|01.07.11 at 12:11 pm ET|
After Thursday’s 3-1 loss to the Wild, Bruins coach Claude Julien did a bit of tinkering with the lines in practice on Friday. According to multiple reports out of Wilmington, here is how the lines looked:
Horton reportedly left practice with an unknown ailment, and Claude Julien told reporters that he considers the winger day-to-day.
Though he has gone four games without a point, Ryder has been one of the Bruins’ best offensive threats this season and is having a bounce-back year after scoring only 18 goals a season ago. The free-agent-to-be has 11 goals and 12 assists this season for 23 points. He is on pace for 23 goals.
Horton has been hot and cold throughout the season, and though his statistics may not reflect it, he has shown improved play over the team’s last four games. He has 12 goals and 14 assists for 26 points.
Neither winger would face too major of an adjustment to their new line, as both Horton and Ryder have worked with David Krejci and Marc Savard, their new respective centers. Horton began the season on a line with Krejci and Milan Lucic before recently playing with Savard in the middle of his line with Lucic. Ryder was on Savard’s line when he returned from post-concussion symptoms last month before playing on his familiar line with Krejci and Blake Wheeler.
|01.06.11 at 11:54 pm ET|
Thornton called out the rest of the team for non-support of goalie Tuukka Rask. The Bruins netminder made several athletic saves, including a spectacular one on Martin Havlat to keep the Bruins tied. But the save was for naught as the Bruins fell, 3-1, Thursday night to the Minnesota Wild.
“Tuukka was awesome again,” Thornton said. “I think its awful that that kid plays so good for us all the time and we don’t get the wins for him its’¦we care about him and we should probably show it in a better way, he stood on his head for us pretty much every night and I don’t know his save percentage is .940 or something stupid like that.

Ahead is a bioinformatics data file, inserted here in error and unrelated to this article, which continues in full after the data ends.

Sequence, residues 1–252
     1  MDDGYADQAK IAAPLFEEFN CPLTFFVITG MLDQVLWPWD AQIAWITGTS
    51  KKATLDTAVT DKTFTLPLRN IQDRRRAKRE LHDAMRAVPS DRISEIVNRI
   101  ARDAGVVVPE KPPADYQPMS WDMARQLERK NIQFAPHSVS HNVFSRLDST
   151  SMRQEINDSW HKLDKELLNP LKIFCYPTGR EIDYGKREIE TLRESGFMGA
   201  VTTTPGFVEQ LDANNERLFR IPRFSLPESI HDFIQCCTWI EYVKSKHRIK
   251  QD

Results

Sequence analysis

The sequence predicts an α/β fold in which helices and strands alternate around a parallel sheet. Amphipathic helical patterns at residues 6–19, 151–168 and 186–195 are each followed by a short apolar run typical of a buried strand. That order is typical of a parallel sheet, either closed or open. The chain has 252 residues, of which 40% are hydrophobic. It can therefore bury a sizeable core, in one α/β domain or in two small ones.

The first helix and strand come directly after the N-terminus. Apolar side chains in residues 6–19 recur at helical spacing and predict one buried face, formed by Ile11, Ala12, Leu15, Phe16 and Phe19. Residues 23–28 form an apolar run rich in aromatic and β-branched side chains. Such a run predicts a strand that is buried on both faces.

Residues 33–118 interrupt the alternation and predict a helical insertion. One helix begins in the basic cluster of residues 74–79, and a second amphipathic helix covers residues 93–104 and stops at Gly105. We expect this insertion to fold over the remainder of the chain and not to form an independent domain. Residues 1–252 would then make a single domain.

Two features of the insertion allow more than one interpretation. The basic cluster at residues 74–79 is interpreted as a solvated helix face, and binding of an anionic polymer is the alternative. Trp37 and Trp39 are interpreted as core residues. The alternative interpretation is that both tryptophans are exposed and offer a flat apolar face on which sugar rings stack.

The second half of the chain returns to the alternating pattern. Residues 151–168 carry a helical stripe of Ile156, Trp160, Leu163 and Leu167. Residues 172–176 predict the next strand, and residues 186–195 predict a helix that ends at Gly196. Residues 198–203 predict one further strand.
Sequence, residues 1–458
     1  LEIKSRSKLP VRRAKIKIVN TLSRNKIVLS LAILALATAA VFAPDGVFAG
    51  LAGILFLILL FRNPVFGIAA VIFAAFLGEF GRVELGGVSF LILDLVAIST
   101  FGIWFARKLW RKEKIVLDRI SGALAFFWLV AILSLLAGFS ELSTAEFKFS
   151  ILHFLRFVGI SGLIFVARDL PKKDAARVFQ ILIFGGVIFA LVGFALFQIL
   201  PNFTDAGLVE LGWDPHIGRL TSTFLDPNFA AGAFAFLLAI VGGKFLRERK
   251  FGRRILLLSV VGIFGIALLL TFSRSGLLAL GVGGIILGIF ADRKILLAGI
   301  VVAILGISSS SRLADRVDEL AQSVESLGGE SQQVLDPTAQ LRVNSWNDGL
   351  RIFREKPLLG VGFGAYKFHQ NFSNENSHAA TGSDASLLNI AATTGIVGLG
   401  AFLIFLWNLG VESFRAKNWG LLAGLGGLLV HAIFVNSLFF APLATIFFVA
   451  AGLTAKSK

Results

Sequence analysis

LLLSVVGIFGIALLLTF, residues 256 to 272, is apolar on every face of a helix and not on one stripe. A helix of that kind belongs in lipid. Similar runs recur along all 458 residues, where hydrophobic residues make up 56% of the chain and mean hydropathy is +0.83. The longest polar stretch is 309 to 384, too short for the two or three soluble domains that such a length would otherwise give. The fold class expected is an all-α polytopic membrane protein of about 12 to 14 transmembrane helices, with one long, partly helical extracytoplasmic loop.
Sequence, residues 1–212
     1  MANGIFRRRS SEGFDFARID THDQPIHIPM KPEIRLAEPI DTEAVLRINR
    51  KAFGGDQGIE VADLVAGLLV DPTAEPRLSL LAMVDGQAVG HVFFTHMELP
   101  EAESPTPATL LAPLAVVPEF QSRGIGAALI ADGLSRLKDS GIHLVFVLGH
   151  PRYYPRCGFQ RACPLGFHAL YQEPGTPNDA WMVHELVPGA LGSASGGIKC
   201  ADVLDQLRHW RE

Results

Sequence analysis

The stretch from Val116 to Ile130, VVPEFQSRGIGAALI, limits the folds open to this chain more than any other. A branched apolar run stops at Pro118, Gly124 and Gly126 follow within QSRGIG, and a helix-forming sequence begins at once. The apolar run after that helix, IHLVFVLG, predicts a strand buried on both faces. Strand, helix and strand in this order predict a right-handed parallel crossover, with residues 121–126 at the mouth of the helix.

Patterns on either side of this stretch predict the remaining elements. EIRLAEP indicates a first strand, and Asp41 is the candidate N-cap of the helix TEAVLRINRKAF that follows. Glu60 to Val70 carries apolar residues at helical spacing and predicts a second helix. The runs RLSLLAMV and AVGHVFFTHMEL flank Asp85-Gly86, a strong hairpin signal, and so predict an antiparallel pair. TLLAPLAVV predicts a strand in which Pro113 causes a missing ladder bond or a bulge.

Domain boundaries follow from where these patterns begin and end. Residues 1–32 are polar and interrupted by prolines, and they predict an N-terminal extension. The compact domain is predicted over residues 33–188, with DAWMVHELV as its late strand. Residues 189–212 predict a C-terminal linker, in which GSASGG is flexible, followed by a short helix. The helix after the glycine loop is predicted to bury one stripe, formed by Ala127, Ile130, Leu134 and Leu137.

“That should be good enough to win a lot of hockey games so we have to look ourselves in the mirror as far as that goes.”
Not that anyone is nit-picking at this point, but his save percentage is .928 after stopping 31-of-33 shots he faced, not including the empty-netter by Mikko Koivu with less than a minute to go that sealed Boston’s fate.
“It has been disappointing for him all season,” B’s benched center Marc Savard added. “He comes in and gives us a solid effort. We can’t seem to score at all when he is in there. I feel bad for him. He is one of the best goaltenders in the league.”
What about the man himself?
“I always try to have a good feeling, you know?” Rask said. “We definitely’¦ we talked about playing better after the second period and, you know, digging deep but, an awful’¦ an awful mistake there went in and cost us the game. I don’t even know what happened, it’s just, I guess we just lost our focus.”
As frustrated as he gets, Rask said he is doing everything in his power to stay upbeat – though the stat sheet shows otherwise, at least in terms of wins and losses.
“Yeah, you know I try to feel good about myself everyday and think positive, and you know, the past couple games have been solid,” Rask said. “Tough to lose like this, it’s kind of frustrating but you always try to feel good about yourself, but the last three games have been a step in the right direction.”
Rask has stopped 67-of-70 shots in his last two games, showing Claude Julien that he might just be ready to pick it up for the second half of the season. There was no better example of that than his save on Martin Havlat late in the second period to keep the game tied, 1-1. From his stomach, he put his left hand up at the last moment to rob the man who already had beaten Rask for the first goal of the game.
“I saw him at the last second, and I just dove there, and I guess the puck was bouncing a bit for him too, and he didn’t get enough wood on it,” Rask said. “But, you know, it’s’¦ you got to be lucky to make those saves, too, but, I guess, half luck, half skill.”
In just his 13th game – and 12th start – Rask fell to 3-8-1 despite a 2.58 goals against average, a record neither Thornton nor their coach – Julien feels Rask even remotely deserves.
“This is a goaltender tonight that was outstanding for us, deserving a better fate and gave us a chance to win,” Julien lamented. “And so I feel bad for him because he deserves probably to be in the win column tonight, not in the loss column.”